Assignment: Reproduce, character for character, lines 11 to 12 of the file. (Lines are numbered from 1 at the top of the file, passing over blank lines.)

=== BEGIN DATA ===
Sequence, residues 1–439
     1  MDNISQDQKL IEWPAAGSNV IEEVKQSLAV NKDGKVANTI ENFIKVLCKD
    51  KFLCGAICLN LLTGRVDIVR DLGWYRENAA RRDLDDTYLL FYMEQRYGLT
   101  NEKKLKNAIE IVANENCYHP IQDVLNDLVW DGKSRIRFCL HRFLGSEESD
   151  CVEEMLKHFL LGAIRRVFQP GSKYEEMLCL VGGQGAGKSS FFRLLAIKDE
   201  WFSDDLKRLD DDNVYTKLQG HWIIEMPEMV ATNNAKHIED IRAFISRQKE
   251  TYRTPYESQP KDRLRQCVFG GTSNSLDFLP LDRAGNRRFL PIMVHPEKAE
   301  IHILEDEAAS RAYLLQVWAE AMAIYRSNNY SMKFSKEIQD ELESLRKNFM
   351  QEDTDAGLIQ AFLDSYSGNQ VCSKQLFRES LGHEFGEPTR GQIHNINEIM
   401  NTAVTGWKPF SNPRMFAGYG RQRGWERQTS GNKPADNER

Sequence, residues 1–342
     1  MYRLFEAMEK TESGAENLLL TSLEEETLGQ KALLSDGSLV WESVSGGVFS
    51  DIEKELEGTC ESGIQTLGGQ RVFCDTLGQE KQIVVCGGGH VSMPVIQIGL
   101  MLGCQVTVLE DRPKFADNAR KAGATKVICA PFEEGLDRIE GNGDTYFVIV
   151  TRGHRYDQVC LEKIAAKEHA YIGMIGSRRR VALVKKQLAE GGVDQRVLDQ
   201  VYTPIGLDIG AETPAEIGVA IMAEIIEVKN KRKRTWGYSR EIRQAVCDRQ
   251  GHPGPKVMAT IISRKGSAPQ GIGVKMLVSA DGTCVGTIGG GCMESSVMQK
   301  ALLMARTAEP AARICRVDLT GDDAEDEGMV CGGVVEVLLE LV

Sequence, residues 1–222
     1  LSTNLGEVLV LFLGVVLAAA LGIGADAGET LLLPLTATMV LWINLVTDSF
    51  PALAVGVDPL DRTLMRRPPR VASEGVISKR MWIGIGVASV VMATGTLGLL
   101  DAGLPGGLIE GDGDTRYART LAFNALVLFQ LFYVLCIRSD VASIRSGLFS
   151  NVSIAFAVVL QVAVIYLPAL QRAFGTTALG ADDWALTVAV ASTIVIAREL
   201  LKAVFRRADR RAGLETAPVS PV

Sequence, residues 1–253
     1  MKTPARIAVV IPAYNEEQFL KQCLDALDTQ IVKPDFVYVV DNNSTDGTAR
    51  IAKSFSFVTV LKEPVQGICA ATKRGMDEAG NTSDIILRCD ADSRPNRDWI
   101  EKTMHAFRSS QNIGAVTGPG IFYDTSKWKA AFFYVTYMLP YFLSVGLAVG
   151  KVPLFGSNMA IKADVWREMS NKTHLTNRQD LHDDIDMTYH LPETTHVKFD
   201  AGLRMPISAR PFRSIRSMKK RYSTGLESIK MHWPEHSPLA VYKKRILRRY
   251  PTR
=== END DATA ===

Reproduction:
Sequence, residues 1–342
     1  MYRLFEAMEK TESGAENLLL TSLEEETLGQ KALLSDGSLV WESVSGGVFS